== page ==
The UK-based global bank says China’s private sector— encouraged by the state’s Belt and Road Initiative — is looking for new business opportunities in countries like Sri Lanka

Since China began its ambitious global infrastructure project, called the Belt and Road Initiative to build roads, railways and seaports connecting over 70 countries, Standard Chartered Bank has been preparing itself to meet the increasing private investments and trade that will soon follow.

“Over the next five to ten years, there will be many touchpoints between Sri Lanka and China. We are positioning ourselves for that,” says Jim McCabe, chief executive at Standard Chartered Sri Lanka. “I believe, five years from now, we will look back and wonder why we ever doubted.” The Belt and Road Initiative is estimated to require $2-3 trillion in investments annually, with China funding a part of it through equity and debt. China has so far invested $3.5 billion to develop infrastructure in Sri Lanka like the Hambantota Port and reclaiming land to create the Colombo Port City, which will be a financial services hub for the region.

The funding is handled between the two governments, so banks like Standard Chartered Sri Lanka have so far handled just the scraps off the table providing banking services required for operational activities of some of the Chinese contractors and local subcontractors. Now, the bank is preparing for the next phase of the Belt and Road Initiative: when businesses and people start moving in enabled by the infrastructure.

Head of Transaction Banking at Standard Chartered China Sam Xu headed a delegation to Sri Lanka to meet some of the bank’s biggest state-controlled clients here like China Communications and Construction Company and its subsidiary China Harbour Engineering Company, the Aviation Industry Corporation of China and China Geo Engineering Corporation, and get a deeper understanding of Sri Lanka so they can better inform private businesses of the opportunities and market conditions here. Once the infrastructure is laid, the focus on trade will become much more significant. The Belt and Road Initiative will open investment opportunities for Chinese companies in many more areas other than tourism, says McCabe.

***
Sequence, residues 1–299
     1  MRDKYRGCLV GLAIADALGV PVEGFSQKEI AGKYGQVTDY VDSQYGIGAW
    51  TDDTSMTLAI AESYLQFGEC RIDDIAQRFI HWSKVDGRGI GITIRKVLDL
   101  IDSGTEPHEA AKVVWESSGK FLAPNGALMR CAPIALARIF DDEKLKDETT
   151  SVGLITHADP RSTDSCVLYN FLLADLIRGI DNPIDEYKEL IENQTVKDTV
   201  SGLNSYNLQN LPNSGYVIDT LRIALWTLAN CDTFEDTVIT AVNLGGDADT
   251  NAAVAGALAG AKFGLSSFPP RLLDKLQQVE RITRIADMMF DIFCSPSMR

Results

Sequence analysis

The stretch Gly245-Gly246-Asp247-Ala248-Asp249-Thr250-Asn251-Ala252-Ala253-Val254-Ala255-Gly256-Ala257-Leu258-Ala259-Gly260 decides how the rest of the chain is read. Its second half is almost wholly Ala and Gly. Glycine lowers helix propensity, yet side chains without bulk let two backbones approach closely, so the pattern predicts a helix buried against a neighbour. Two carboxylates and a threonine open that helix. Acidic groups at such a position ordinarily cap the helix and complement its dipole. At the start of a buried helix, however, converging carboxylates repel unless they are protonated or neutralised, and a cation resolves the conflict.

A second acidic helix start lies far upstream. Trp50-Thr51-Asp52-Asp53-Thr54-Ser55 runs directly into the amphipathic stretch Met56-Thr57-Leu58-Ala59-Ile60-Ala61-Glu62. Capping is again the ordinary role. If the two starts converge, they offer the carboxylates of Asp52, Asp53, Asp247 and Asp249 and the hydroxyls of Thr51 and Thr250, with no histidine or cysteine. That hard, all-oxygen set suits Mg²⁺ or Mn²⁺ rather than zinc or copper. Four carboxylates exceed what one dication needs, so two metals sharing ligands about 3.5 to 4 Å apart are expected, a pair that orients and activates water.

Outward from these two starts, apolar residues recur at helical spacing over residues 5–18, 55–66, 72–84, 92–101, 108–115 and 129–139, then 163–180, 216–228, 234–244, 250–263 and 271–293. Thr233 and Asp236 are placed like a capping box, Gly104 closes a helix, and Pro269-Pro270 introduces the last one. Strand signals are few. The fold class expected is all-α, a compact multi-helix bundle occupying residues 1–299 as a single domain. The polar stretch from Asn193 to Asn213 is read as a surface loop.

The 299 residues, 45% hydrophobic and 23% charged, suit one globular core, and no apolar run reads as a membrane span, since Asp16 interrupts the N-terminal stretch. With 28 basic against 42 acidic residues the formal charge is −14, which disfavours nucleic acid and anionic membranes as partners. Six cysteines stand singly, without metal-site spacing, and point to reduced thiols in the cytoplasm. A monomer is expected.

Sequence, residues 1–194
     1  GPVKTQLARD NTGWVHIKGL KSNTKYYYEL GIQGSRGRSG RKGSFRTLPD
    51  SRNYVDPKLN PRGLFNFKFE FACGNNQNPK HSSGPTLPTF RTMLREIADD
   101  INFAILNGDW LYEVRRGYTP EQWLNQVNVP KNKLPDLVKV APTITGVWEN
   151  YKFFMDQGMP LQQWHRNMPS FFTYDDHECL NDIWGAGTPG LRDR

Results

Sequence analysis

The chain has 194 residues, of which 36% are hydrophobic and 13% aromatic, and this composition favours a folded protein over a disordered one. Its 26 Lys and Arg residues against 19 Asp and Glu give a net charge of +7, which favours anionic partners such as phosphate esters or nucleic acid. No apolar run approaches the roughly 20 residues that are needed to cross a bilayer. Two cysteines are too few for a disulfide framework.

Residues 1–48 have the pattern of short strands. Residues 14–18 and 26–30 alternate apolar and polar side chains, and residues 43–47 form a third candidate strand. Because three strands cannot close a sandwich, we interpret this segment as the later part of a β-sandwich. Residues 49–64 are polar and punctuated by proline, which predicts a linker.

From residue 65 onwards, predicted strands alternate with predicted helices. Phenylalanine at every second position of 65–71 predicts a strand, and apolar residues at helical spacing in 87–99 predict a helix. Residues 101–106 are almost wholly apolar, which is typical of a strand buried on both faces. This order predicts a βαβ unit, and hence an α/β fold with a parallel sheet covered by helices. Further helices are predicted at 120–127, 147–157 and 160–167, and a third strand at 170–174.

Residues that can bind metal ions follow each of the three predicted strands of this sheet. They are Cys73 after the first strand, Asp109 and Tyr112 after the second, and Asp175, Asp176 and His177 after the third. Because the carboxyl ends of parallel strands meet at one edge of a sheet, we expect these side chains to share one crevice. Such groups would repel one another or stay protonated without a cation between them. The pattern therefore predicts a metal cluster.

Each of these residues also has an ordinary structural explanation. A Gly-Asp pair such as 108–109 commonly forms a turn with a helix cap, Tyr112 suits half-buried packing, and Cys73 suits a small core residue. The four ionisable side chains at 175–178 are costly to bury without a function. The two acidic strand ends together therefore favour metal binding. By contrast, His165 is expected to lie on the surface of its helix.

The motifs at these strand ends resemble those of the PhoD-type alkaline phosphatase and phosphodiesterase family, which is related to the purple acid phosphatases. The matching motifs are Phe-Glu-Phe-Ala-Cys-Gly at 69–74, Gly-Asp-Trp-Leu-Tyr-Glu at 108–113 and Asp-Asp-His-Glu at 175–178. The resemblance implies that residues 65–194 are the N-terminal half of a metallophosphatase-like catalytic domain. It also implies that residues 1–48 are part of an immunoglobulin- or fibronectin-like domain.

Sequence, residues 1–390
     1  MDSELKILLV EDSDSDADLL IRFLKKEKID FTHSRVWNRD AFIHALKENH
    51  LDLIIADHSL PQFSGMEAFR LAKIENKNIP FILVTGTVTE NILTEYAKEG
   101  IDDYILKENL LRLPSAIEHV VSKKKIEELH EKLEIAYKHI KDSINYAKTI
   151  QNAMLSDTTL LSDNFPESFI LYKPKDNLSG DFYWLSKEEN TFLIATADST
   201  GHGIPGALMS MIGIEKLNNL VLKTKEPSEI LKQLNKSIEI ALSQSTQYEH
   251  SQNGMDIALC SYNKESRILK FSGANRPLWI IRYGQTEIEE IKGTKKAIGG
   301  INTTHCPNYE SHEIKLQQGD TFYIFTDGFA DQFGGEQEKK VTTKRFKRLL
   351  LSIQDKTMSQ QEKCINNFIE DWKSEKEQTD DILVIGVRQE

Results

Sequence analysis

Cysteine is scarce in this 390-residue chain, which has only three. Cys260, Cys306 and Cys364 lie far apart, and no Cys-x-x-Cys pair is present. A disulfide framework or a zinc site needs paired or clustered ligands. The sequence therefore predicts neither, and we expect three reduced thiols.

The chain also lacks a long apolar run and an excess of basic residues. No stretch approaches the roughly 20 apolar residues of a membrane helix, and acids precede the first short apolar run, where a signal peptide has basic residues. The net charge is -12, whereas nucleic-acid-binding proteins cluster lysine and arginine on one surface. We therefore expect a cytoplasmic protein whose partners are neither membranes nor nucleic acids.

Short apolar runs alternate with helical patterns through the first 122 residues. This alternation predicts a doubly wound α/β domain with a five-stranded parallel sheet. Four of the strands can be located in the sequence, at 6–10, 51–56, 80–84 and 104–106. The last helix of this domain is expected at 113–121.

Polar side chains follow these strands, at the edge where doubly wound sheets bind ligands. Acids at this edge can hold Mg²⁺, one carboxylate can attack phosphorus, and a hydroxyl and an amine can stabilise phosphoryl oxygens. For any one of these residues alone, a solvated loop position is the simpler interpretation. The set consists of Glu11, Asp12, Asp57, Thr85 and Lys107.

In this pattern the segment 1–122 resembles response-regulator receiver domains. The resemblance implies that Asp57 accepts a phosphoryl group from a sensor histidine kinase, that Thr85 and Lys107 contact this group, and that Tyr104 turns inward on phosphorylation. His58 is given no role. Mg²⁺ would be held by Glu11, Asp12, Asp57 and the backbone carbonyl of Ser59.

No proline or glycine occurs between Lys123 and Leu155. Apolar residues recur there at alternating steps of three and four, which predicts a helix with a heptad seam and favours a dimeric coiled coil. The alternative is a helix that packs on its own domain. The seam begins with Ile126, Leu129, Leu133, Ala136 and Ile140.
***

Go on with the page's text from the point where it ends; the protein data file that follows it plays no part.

Excerpts from the interview are as follows:


A delegation led by Head of Transaction Banking at Standard Chartered China Sam Xu visited Sri Lanka to get a deeper understanding of the country to better inform private businesses of the opportunities available here

How has the Belt and Road Initiative impacted the bank in terms of business growth, and what is the purpose of Standard Chartered China’s visit to Sri Lanka?
Xu: Standard Chartered has a large footprint across Asia, Africa and the Middle East, and we’re in 70% of the countries covered by the Belt and Road Initiative. My office deals directly with the headquarters of many of the Chinese companies that are investing and working with the Initiative and other projects in these countries, including in Sri Lanka. Our clients increasingly want to know about Sri Lanka, its local market, business practices and regulatory environment; that’s why we visited Sri Lanka to meet our clients on the ground here and our colleagues at Standard Chartered Sri Lanka, so we can better serve our clients back in Mainland China.

This is my first visit to Colombo, but there was a delegation here last year. We started actively engaging with the Belt and Road Initiative in 2015, and we’ve seen our volumes increasing dramatically over the last three years. During the first year, we attracted $900 million in new business directly linked to the Belt and Road Initiative, which has grown 30% annually since. So there’s momentum and potential for growth.

How much Belt and Road-related business has Standard Chartered Sri Lanka seen?
McCabe: We’ve seen banking business growth overall, but it’s too early to differentiate what’s related to the Belt and Road Initiative. The investments have been handled directly between the two governments because they’re related to large-scale infrastructure projects. There’s been an inflow of $3.5 billion into Sri Lanka from China directly linked to the Belt and Road Initiative over the last three years.

Going forward, there’ll be another phase when private investments flow in once the infrastructure is in place, when the Hambantota port and economic zone are fully operational, and the Colombo Port City opens real estate for development. The focus on trade will become much more significant. The Belt and Road Initiative will open investment opportunities for Chinese companies in many more areas other than tourism, where we agree Sri Lanka has seen an increase over the last few years. Over the next five to ten years, there will be many touchpoints between Sri Lanka and China, and we’re positioning ourselves for that.